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  • An important message for investors



    This information may not apply to the current year. Check the content carefully to ensure it is applicable to your circumstances.

    End of attention

    Dear Investor

    I am writing to tell you about a new type of refund available from the Australian Taxation Office (ATO) as part of the Government's tax reforms.

    If you receive dividends from shares or managed funds you may now be entitled to a new refund, even if you don't normally fill out a tax return. You would not need to lodge a tax return if, for example, you were on a maximum rate Australian government pension or earned less than $6,000.

    When you own shares in a company or invest in a managed fund you may get an amount of money-usually once or twice a year. These amounts are known as dividends or distributions and are paid from a company's profits. Tax paid by the company on its profits was then credited against any tax you had to pay. Until now, if the credit for the tax paid by the company exceeded your tax liability, you could not get a refund of that excess. Now, you are able to claim this difference back in full as a tax refund. This is what is known as the refund of excess imputation credits.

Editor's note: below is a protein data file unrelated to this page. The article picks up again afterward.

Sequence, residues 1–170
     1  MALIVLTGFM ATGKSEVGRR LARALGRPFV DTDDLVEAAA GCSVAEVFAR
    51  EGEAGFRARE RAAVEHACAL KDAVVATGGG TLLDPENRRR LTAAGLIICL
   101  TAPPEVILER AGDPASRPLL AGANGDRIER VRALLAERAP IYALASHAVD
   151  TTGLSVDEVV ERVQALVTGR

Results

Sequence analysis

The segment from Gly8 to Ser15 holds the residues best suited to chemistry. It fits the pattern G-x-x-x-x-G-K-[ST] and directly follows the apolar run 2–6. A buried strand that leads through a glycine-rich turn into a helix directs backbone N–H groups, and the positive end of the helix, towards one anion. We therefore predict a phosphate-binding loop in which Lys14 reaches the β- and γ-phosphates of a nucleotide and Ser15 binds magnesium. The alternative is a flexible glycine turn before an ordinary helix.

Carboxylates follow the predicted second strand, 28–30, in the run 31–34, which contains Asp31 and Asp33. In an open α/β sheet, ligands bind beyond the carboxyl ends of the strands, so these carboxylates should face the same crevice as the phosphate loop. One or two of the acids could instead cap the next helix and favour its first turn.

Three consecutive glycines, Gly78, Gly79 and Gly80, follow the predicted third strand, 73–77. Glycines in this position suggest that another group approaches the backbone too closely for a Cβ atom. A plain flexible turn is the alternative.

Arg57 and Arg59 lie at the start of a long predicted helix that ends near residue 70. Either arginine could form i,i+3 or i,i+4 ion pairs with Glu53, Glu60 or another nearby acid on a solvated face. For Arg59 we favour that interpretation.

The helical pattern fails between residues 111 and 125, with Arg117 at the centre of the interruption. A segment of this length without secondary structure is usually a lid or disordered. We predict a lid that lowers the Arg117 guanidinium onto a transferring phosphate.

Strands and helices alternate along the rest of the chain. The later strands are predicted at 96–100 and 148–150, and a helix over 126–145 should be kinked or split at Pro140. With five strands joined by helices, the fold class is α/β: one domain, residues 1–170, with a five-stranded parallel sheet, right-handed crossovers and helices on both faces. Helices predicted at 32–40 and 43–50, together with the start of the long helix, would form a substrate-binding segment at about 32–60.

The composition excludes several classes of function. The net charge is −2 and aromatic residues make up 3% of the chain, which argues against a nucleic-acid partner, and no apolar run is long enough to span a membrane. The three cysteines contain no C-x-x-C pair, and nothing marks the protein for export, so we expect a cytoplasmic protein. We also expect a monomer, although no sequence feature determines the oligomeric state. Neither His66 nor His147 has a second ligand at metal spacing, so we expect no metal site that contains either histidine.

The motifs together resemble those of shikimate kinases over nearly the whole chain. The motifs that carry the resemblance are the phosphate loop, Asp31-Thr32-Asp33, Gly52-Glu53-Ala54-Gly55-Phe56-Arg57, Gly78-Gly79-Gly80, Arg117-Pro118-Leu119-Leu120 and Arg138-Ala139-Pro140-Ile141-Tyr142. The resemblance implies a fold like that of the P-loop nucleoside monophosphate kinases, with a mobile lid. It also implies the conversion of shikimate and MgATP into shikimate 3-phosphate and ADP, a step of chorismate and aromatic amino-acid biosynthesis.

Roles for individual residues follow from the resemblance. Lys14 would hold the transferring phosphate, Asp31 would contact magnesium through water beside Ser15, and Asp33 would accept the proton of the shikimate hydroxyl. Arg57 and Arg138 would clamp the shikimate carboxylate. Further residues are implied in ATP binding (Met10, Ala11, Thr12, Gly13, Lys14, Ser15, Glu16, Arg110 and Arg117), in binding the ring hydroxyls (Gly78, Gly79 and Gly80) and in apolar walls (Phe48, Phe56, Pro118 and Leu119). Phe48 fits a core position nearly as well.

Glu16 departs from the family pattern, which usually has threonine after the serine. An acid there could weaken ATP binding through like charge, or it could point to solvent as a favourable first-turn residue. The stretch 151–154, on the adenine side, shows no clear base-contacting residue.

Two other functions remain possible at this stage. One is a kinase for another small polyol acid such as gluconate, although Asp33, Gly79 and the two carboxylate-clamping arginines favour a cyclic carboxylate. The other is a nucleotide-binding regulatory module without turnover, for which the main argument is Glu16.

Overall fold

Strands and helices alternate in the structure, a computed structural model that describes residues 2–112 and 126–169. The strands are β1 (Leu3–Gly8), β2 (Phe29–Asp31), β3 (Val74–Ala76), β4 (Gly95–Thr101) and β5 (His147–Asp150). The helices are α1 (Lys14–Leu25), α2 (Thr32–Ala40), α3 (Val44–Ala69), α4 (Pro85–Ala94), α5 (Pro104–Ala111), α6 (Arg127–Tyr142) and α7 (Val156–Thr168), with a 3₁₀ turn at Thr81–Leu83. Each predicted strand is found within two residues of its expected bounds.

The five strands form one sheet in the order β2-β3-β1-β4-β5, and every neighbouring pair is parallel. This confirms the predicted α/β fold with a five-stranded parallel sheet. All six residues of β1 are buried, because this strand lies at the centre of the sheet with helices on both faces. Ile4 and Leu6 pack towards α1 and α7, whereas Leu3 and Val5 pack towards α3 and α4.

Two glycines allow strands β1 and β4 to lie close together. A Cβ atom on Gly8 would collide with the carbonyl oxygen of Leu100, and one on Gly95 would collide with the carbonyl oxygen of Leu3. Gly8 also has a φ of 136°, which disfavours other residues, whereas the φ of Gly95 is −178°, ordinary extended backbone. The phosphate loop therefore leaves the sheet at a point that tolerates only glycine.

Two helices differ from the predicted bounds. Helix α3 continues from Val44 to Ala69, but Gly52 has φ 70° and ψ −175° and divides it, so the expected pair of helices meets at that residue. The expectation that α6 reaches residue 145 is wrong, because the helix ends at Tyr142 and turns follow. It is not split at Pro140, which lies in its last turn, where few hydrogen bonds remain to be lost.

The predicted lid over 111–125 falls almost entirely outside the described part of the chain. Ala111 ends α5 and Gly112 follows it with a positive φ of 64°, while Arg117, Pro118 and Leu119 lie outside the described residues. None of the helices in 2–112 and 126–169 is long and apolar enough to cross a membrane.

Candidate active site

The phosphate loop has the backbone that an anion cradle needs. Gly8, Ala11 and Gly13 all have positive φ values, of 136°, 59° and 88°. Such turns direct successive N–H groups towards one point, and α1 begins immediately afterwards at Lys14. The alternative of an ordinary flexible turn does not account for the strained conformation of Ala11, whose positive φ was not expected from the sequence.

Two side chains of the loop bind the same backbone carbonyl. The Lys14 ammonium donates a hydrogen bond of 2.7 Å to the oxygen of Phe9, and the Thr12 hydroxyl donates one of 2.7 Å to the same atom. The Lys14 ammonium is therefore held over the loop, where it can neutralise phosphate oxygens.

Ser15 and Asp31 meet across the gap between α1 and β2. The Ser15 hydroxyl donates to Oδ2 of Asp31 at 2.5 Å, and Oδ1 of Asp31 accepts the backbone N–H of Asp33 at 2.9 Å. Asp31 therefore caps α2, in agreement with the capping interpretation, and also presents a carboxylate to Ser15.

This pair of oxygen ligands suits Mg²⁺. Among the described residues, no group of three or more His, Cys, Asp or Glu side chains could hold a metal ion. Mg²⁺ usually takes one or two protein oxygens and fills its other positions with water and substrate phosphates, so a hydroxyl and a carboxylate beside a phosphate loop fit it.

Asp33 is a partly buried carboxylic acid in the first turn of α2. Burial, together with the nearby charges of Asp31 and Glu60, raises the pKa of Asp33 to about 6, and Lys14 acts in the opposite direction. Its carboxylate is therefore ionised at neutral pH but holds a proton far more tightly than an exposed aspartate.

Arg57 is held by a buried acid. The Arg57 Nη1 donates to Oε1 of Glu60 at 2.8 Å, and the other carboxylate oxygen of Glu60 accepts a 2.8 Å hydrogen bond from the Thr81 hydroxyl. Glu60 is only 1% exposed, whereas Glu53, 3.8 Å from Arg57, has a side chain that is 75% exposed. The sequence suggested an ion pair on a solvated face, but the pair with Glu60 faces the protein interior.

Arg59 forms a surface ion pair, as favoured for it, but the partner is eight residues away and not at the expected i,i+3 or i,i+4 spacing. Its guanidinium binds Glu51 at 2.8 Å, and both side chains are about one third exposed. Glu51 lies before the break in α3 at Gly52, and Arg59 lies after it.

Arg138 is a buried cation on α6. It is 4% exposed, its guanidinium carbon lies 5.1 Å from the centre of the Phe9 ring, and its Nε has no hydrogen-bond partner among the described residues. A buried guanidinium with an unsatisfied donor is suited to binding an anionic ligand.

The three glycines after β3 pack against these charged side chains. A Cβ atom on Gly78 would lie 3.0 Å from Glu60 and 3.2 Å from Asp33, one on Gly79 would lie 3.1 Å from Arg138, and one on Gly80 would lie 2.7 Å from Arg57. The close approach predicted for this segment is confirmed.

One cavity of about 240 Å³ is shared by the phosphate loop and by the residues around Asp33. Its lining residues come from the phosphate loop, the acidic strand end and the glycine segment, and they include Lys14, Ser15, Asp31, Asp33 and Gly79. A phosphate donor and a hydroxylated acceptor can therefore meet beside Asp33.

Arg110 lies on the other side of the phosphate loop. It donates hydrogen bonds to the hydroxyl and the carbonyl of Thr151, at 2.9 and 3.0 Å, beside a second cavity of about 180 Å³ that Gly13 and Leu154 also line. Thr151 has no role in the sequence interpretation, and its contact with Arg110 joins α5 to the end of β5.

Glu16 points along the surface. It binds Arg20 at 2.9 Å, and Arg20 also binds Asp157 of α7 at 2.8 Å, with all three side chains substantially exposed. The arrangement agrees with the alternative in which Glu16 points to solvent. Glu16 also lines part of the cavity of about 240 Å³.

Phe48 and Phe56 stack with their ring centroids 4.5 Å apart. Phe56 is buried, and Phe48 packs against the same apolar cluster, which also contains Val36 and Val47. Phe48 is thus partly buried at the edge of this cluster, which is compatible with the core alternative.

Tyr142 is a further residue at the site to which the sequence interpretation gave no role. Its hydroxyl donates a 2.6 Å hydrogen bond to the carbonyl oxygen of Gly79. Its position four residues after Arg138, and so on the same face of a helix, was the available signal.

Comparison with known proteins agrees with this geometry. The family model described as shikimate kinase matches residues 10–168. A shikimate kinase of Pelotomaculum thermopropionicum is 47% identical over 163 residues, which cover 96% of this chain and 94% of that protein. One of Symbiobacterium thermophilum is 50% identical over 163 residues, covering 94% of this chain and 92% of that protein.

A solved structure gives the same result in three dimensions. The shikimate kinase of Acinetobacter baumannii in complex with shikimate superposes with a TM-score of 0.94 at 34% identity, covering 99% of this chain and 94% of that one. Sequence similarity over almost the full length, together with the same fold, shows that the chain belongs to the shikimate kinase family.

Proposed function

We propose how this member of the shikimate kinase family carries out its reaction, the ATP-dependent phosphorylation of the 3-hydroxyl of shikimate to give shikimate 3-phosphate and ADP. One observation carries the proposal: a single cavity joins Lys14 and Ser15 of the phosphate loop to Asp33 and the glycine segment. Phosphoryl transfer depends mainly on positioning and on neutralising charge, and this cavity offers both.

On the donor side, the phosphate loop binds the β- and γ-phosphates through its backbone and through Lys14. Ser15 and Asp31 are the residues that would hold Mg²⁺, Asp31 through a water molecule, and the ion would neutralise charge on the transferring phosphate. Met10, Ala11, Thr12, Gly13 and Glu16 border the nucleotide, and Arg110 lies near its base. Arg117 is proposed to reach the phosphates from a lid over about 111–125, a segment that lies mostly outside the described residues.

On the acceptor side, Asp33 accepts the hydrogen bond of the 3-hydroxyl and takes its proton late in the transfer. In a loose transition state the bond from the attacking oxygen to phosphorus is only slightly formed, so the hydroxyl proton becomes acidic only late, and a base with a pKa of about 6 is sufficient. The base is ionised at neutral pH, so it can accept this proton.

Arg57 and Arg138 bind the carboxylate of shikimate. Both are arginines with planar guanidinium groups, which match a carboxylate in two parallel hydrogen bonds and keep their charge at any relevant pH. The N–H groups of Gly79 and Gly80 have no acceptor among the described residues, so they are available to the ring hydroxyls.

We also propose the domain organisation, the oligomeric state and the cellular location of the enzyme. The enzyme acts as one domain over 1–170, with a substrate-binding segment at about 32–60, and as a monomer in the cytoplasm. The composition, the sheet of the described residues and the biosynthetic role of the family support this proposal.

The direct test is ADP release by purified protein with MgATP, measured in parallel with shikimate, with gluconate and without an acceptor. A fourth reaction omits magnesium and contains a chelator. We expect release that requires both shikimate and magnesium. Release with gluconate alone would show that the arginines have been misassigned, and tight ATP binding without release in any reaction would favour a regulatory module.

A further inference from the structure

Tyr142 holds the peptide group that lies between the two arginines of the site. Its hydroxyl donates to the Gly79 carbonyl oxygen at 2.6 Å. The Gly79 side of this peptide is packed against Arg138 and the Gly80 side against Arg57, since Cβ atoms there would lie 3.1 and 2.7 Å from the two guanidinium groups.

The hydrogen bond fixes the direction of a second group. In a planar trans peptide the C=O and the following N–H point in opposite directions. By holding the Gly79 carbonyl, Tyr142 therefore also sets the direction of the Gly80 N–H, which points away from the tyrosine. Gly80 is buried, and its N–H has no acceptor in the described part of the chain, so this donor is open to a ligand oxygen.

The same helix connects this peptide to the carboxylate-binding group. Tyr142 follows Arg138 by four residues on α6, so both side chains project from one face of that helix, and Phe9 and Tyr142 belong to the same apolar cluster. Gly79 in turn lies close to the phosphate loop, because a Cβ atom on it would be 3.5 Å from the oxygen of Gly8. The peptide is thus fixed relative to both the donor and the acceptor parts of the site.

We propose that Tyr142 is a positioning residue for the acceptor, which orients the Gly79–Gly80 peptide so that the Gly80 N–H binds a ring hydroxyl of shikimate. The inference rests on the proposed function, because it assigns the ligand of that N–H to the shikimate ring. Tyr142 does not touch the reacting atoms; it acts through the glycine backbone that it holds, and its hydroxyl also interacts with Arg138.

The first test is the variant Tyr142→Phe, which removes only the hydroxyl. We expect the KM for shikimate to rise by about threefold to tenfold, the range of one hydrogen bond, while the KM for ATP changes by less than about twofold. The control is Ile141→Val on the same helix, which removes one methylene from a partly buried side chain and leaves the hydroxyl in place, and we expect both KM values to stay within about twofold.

The refund is paid by the ATO and applies to these credits on dividends that you received or distributions you were entitled to relating to the period from 1 July 2000 to 30 June 2001.The refund, in most cases, will not affect your pension entitlement if you receive a pension. If, however, you are in receipt of a distribution from a private company or trust, your pension entitlement could be affected.

    This guide and form are for use by people who are not required to fill out a tax return and who may be entitled to claim an excess imputation credit refund. In this booklet you will find simple, step-by-step instructions to help you fill in your 2001 application for refund of imputation credits. You should be able to fill in this form yourself, or with help from our free services. If you are not familiar with some of the terms used in this guide there is a list of common terms.

    Michael Carmody
    Commissioner of Taxation

    Last modified: 13 Feb 2019QC 16274